12. Are You Good at Learning New Tools and Technology?
Remote work requires you to use a lot of different software. Some could be for communication and collaboration like Slack and Zoom, while others could be for daily tasks and tracking work like Basecamp.
In order to be a good remote worker, you should be able to learn new technology faster. To answer this question, you can go ahead with giving previous examples of how you learned new apps or tools quickly to accomplish some task.
You can also showcase your keenness on learning new tools by letting the interviewer know that you’re always looking for new apps and software to enhance your work. You’re always on the lookout for upgrading your tech knowledge in order to simplify your work.
13. Will You Be Able To Maintain a Work-Life Balance In a Remote Setting?
Remote work does help with a better work-life balance for most. However, things like not being able to disconnect after working hours because of the virtual nature of the work can become problematic for some.
To answer this question, you can say that you’re capable of self-monitoring your work timings and keeping that part of your day separate from your personal life. You can express how remote work is just like traditional work in most aspects. In fact, remote work saves you time because you won’t need to commute to your workplace. This leaves you more personal time with your family in the mornings and evenings.
14. What Are Your Interests and Hobbies?
This is a question that I was asked in my remote interview. A simple question with a simple answer. When asked this, let your interviewer know of all the things you like to do when not working. From reading to watching movies, playing games, and gardening, anything that is your hobby takes place in this answer.
What you might not realize is that this question isn’t just a regular “get to know you better” question. The interviewer is trying to gauge if you’re a good cultural fit for the company. Even though you’re applying for a remote job, there will be other people in your team and organization that you’ll interact with on a daily basis. Knowing your interests helps the interviewer understand if you’ll gel well with other employees in the company or not.
Don’t make anything up. If you’re not a reader, but you say reading is your hobby, a follow-up question will be, “what are your favorite books?” You’ll get stuck if you’re just saying things to create an impression. Be honest about your passion and hobbies, even if you think they’re unusual.
My answer was simple. Reading, playing musical instruments, and playing MOBA games. Think Like a Monk by Jay Shetty was the book I was reading at the time and League of Legends and Mobile Legends were the games. What followed was an interesting conversation on games and books.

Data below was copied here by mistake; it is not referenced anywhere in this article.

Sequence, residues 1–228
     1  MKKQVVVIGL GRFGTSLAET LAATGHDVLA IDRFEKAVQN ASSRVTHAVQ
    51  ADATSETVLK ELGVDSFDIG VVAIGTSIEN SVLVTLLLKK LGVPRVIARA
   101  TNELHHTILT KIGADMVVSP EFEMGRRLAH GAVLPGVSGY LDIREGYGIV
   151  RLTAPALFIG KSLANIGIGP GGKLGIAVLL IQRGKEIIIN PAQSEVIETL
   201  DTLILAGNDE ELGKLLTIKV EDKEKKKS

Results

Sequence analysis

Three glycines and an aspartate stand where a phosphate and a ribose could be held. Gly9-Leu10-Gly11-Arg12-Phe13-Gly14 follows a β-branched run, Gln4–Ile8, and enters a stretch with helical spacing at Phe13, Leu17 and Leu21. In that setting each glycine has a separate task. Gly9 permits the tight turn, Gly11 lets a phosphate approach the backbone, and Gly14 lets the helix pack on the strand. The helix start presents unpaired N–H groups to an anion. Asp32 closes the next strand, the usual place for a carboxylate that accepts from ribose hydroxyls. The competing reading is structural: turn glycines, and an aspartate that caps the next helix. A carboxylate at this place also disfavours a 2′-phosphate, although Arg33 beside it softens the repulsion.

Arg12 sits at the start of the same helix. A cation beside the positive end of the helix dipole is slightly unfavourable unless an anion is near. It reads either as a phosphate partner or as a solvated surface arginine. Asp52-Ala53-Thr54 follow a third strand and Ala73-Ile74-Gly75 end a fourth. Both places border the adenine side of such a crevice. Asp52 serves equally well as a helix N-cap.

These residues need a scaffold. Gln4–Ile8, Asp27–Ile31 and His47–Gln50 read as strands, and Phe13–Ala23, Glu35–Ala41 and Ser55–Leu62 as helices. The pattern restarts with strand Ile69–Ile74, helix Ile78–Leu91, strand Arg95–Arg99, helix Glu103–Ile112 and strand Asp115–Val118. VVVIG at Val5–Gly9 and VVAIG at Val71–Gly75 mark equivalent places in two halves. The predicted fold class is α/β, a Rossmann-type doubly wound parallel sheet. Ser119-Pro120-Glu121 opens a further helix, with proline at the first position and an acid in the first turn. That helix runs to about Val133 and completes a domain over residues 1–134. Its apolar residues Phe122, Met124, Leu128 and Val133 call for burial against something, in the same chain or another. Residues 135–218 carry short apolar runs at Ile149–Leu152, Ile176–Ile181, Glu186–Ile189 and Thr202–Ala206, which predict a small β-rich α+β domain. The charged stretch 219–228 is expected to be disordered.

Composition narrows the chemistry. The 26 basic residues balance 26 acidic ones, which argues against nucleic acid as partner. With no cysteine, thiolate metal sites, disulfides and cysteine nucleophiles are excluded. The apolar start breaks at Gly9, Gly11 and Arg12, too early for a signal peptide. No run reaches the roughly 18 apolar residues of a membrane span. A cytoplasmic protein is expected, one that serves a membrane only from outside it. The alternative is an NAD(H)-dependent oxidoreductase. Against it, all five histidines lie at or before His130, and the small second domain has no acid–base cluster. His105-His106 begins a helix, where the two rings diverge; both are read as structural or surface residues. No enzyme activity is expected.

Being honest will help you hold this conversation longer with a discussion on common interests with the interviewer. At the same time, this will enable the interviewer to know if you’re someone who fits their organization well.
15. Do You Have Any Questions For Me?
You’ll not just be sitting and answering questions but also asking some questions yourself in the end. Most remote interviewers allow the candidate to ask any questions they have. This is your chance to gauge whether or not you want to work in the organization you’re applying to.
Here are 5 work from home questions that you can ask your future employer.
- How many days a week are workdays?
- How many paid leaves can I expect to receive in a year?
- What’s the growth opportunity? Will I be able to contribute to other departments as well?
- What activities does the company organize for the remote employees?
- Can I expect a fair salary offer, or is it lesser than the industry average owing to the remote nature of the work?
You can always add more questions that are specific to your needs.
Be Honest, Confident, and Professional
While most answers to common work from home interview questions can be rehearsed in advance, some questions will be specific to your field and to the organization. Honesty is always the best policy, and there’s no better attire than confidence. Maintain your professionalism throughout.
If you want to brush up on your answers, bookmark this page and come back here before your remote interview.
I don’t know whether you’re better than others or not, but you must know that you’re better than you think you are.
All the best!